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Queensland worms, flies and lice update - January 2020

QLD WormBoss Worm Control Programs

QLD WormBoss Drench Decision Guides





Brisbane: Maxine Murphy, Veterinary Parasitologist (

The wet season has finally arrived in tropical, coastal and hinterland regions of north Queensland where predominantly goats are reared. For sheep and goats though, the wet season also means barber’s pole infections.  

This roundworm is a prolific egg producer laying up to 10000 eggs per female worm per day and is the worm most likely to cause deaths of stock during hot, wet weather. Most larvae on grass would have died during the ongoing dry conditions in early summer when the relative humidities were well below 60%. Initially, worm burdens may seem to be slow to take off, but in three weeks, the situation could rapidly change as eggs on grass can develop into infective larvae in this time.

Typically, drenches have helped out with the worm problem, but the degree of control achieved through drenches now depends on the level of drench resistance in this worm, and resistance in barber’s pole to drenches is widespread. Careful selection of drenches becomes important and very restricted for goats due to few available registered products. For sheep, the long-acting drenches may be available for sustained controlled of heavy reinfections.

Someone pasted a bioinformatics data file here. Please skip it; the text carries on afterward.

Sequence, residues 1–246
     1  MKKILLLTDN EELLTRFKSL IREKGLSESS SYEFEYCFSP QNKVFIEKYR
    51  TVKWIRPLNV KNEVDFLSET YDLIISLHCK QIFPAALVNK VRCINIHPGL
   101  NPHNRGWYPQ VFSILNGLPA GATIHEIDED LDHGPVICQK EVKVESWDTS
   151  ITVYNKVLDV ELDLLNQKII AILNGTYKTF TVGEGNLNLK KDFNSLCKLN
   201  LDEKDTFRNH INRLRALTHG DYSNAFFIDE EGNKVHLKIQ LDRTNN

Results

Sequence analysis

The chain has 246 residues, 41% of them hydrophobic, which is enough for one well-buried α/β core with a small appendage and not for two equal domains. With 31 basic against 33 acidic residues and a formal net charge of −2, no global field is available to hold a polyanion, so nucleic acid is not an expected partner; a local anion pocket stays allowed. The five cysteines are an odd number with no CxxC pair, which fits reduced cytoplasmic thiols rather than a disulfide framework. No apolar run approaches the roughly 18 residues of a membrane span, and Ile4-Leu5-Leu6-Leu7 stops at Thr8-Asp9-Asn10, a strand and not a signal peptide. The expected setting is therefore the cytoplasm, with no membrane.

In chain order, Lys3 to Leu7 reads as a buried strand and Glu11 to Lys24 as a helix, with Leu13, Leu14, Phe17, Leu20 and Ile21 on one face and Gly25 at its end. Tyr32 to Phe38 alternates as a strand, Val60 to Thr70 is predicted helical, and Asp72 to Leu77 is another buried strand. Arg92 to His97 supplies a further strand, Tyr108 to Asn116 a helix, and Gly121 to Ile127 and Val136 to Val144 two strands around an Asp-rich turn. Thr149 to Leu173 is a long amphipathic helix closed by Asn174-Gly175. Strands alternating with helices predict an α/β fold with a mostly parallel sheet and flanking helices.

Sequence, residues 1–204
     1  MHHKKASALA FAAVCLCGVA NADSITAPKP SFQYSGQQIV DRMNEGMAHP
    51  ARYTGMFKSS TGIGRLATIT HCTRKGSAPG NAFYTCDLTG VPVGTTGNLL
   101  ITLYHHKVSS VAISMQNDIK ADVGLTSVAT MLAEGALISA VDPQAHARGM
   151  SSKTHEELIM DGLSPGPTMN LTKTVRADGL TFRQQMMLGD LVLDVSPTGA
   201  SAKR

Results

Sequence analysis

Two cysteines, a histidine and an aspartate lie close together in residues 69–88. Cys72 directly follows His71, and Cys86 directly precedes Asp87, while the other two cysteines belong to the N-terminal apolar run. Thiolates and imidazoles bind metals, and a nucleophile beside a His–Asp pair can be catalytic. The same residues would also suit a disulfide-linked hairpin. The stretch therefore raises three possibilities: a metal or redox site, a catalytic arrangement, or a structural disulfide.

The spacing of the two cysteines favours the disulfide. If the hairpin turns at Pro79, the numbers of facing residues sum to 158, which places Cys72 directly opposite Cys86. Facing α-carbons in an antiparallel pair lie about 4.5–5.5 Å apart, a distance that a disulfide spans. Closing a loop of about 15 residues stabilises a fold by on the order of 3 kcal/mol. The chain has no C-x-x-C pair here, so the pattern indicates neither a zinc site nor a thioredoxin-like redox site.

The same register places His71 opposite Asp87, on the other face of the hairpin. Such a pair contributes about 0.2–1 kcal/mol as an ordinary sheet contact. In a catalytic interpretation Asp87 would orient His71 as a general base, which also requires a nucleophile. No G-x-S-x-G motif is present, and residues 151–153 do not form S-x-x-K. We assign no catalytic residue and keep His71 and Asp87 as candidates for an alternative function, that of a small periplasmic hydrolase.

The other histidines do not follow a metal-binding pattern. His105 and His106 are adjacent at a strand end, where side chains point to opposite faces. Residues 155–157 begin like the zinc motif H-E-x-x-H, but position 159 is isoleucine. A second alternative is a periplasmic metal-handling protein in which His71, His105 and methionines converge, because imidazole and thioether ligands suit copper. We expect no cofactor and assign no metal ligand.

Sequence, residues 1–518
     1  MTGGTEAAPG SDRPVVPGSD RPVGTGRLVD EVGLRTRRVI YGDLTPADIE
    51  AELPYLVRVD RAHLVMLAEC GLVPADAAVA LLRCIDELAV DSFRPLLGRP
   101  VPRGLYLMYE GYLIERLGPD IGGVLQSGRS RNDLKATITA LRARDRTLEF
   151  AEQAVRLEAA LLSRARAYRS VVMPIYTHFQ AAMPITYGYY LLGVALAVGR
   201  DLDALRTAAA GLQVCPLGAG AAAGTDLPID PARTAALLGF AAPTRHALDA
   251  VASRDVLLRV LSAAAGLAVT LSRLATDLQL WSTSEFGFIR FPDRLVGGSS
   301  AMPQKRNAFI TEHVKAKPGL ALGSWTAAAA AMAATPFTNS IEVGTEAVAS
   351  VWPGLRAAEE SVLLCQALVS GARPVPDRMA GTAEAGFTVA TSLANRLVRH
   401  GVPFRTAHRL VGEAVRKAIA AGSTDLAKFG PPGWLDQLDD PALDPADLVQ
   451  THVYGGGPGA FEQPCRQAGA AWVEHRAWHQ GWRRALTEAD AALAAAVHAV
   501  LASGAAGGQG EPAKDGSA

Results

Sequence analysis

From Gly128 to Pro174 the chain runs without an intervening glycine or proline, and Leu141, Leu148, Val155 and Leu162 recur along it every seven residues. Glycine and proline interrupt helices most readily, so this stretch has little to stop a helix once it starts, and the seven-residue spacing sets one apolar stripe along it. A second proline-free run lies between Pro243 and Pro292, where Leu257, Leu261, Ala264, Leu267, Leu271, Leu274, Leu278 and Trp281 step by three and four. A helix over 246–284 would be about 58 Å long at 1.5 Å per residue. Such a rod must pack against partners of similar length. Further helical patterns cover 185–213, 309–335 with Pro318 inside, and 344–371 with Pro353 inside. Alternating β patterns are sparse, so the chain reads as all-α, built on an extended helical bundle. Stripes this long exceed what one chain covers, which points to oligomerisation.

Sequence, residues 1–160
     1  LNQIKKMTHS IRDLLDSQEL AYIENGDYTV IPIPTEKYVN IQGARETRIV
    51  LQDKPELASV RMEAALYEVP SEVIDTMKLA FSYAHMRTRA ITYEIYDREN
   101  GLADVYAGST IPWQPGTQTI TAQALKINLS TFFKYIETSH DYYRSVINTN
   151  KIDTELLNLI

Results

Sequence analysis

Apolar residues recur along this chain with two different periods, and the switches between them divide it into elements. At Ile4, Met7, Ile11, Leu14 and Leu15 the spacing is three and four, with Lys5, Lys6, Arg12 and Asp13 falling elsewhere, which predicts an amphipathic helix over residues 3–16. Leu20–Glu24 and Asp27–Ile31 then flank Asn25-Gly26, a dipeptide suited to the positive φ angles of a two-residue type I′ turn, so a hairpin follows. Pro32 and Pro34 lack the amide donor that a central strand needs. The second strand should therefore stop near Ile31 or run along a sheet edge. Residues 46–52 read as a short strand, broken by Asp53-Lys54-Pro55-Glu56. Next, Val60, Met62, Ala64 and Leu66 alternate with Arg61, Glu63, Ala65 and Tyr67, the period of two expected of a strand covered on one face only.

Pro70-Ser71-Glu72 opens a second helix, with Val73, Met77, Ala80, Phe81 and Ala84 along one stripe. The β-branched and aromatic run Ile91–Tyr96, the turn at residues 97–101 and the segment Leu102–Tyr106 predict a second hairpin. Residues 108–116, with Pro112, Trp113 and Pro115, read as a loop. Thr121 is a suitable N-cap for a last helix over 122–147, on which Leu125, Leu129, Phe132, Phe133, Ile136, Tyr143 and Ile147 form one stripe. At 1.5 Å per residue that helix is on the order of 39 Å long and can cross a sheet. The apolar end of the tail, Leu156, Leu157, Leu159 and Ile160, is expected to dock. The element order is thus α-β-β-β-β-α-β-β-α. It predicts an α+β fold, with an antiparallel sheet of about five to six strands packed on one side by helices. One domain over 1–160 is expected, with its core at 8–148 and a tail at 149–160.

So the thing about barber’s pole during the wet season when pasture coverage is good is that;

  • populations can develop explosively because of high reinfection rates (in turn due to the high egg production rates and high larval survival rates).
  • not only do the adult worms feed on blood, but also do the immatures.
  • the developing immatures are not detected on a WormTest, so repeat testing needs to become a routine.

So how do you interpret a low to moderate WormTest result from stock 4 weeks after a drench? Is it due to continuous reinfection or an inefficient drench? Or both?

A WormTest taken 10 days after the drench can give some clues. If the drench was good, then the WormTest result should be zero (100% kill) eggs per gram OR no more than 2% of the original number of worm eggs present (98% kill). 

So, as prevention is better than cure, try three WormTests between now and April:

WormTest and Drench, if counts are high

WormTest day 10 after the drench—looking for a zero worm egg count to indicate that the drench gave a 100% kill. If this is not the case, then you know what level of worm burden is left in your sheep.

WormTest day 28 after the drench—to determine if another drench if needed.

If a drench was not needed at the first test, WormTest again in 3–4 weeks to pick up any larvae that were present in sheep at the first test, but were undetected by the test.

For January 2020 state outlooks, please follow the links below:
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